Book Extract - Going Home
by Life Positive
My first experience of death as something other than professional failure occurred when I was director of the pediatric inpatient division at Mount Zion Hospital, an inner-city hospital in San Francisco. I had not known then that death can be a time of healing, or that sometimes, shortly before people die; their wholeness can be directly experienced by others.
Arriving for work one morning, I was alarmed to hear angry voices coming through my closed office door. Inside, several of the staff nurses and resident doctors were arguing in an uncharacteristically emotional scene. The subject of this angry interchange was one of the patients, a five-year-old boy who was in the end stages of leukemia. Apparently this morning the child had told the nurse who awakened him that he was going home today. "Help me pack my things," he demanded, pointing with excitement to his tiny suitcase in the closet.
The nurse was horrified. Who could have promised this terribly sick little boy that he could go home when he had no platelets or white cells?... "Did anybody ask him who told him he could go home?" I said. Of course, no one had wanted to talk to him about that. I felt suddenly tired, but I said, "I'll go and talk to him."
He was sitting on his bed pillow, facing the door, and colouring in a book when I entered his room. I was struck by how emaciated, how sickly he was. He looked up from his colouring, and our eyes met. In that moment things changed. The room became very still, and there seemed to be a sort of yellowish cast to the light. I had a sense of an enormous presence, and I remember thinking wildly that we had stepped outside of time. Suddenly I was aware of the overwhelming guilt I felt about this little boy. For months I had done things to him that caused him pain and still had not been able to cure him. I had avoided him then and I felt ashamed. As our eyes met, it seemed that somehow he understood this and forgave me. All at once I was able to forgive myself, not just for this little boy but for all the children I had treated and hurt and couldn't help throughout my career. It was a sort of healing.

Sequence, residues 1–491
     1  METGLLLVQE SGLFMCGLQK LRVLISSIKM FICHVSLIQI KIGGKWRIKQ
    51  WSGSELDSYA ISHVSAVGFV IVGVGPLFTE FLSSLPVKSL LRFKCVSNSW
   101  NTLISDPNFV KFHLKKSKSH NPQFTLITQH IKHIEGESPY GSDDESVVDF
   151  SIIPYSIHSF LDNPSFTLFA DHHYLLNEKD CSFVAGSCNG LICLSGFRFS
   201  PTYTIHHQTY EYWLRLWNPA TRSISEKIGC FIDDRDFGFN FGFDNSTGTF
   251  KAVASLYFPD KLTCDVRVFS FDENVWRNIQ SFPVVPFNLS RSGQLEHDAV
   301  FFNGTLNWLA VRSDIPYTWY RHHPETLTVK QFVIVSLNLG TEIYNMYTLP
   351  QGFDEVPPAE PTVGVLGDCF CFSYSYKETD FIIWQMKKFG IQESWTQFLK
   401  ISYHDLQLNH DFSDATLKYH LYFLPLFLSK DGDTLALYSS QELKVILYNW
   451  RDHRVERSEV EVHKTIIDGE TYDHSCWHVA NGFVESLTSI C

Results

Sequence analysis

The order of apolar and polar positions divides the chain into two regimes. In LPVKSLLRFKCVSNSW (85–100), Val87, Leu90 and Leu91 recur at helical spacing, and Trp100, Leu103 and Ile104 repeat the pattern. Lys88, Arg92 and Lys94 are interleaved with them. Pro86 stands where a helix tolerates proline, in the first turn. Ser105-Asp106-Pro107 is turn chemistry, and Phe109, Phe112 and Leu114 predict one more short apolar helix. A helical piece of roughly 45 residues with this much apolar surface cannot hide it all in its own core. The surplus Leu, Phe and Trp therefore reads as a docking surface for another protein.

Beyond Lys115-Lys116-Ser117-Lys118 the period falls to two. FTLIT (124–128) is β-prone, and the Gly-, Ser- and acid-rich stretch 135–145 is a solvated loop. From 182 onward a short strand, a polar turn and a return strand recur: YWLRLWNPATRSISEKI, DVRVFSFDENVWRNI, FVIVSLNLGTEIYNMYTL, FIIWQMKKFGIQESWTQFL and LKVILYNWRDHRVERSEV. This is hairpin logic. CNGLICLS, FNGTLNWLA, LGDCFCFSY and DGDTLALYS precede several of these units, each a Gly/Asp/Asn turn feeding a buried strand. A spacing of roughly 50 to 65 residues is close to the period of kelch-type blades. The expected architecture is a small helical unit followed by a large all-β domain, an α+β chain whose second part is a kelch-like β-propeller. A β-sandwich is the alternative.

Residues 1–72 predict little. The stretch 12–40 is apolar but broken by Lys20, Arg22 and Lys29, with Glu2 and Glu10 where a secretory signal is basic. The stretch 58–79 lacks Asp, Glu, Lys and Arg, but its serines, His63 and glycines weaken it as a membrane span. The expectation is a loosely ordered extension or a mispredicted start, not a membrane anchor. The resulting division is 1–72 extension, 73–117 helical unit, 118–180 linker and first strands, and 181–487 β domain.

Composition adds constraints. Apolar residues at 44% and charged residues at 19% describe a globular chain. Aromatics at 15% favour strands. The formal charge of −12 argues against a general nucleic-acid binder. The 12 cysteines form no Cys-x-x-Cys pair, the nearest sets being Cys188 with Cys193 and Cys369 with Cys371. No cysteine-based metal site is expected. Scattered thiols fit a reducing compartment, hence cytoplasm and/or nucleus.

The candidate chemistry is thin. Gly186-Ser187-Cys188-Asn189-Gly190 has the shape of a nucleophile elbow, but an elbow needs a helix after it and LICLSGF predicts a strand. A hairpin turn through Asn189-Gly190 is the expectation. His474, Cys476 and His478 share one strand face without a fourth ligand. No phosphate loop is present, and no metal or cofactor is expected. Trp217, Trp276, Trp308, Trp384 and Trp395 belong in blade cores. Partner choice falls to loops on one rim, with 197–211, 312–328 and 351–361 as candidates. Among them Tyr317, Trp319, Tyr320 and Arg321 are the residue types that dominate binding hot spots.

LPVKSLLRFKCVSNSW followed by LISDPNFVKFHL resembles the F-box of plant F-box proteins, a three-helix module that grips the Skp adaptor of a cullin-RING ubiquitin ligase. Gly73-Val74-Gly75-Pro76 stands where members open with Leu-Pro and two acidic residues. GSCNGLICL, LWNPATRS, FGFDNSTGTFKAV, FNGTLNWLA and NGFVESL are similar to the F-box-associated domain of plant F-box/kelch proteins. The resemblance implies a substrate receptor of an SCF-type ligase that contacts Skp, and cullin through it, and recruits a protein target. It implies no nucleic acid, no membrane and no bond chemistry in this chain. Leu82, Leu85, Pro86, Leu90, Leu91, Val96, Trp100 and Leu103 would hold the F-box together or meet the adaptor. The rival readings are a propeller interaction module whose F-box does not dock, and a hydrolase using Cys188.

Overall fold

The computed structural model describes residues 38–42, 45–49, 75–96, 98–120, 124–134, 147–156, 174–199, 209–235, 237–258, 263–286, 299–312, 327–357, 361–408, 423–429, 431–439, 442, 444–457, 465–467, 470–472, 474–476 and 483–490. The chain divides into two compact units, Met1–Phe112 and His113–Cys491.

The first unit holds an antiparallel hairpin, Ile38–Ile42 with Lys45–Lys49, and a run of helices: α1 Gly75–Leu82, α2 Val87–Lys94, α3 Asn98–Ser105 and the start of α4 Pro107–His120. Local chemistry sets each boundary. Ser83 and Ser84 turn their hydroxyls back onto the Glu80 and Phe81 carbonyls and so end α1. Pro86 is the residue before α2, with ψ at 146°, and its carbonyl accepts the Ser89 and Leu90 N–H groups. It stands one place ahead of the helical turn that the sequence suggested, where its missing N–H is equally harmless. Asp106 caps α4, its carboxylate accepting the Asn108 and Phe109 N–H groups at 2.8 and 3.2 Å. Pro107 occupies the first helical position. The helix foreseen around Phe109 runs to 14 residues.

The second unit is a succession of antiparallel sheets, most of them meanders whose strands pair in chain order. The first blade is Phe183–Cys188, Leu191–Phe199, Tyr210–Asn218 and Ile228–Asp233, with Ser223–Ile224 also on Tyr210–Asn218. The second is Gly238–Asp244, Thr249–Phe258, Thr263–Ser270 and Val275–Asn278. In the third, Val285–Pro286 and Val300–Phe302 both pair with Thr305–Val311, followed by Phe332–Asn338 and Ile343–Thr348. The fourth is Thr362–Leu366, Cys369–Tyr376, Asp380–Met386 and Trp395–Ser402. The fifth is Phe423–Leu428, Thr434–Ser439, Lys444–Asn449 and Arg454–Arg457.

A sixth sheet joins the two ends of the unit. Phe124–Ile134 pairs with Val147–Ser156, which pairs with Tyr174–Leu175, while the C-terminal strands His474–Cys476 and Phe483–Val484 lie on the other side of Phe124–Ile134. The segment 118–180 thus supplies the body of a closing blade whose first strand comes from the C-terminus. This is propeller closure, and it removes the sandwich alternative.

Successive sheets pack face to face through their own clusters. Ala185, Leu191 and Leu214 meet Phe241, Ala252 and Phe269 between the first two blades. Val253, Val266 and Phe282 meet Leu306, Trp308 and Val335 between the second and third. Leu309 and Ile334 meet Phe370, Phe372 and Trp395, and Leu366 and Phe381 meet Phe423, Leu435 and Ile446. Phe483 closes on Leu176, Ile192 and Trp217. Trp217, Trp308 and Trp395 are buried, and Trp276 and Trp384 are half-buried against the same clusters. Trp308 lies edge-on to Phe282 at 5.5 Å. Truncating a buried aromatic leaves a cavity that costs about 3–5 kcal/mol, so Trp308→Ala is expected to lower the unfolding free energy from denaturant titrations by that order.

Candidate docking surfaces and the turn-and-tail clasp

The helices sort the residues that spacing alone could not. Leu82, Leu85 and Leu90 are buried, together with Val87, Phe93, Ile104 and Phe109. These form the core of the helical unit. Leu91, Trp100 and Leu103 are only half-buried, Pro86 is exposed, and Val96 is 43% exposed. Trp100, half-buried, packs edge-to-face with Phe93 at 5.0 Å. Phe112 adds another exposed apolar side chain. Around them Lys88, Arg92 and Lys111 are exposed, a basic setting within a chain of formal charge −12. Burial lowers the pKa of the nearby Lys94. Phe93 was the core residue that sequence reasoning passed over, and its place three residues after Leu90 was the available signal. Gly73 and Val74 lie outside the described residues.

His frailty and my tiredness fell away and we seemed to recognize each other. In that moment we became equals, two souls who had played out our difficult roles in a drama with absolute impeccability; he as a little boy and I as a doctor. The drama was complete. It had served some unknown purpose and there was nothing to forgive or be forgiven. There was just a deep sense of acceptance and mutual respect. All this happened in a heartbeat.
Then he spoke to me. In a voice filled with joy, he said, "Dr. Remen. I'm going home," By now I was speechless. I mumbled something like, "I'm so glad," and I backed out, closing the door behind me.
I returned to my office very confused and shaken by the experience. "What did he say?" the staff demanded. I told them that I hadn't asked. "Why don't we just wait a little while and see what happens." A few hours later the child said he was tired. He lay down, pulling his sheet over his head, and quietly slipped away.
The staff took his death hard. He was a love of a little boy and they had cared for him for a long time. Yet many told me privately how relieved they were that he had died before he discovered that someone had lied to him and he couldn't go home.
Perception may require certain openness. We see what our lives have made us ready to see. This child had known that he was going home in a much more profound sense than the staff was prepared to appreciate. At that time I had no way to make sense of this experience either, so I did the comfortable thing: I forgot it.
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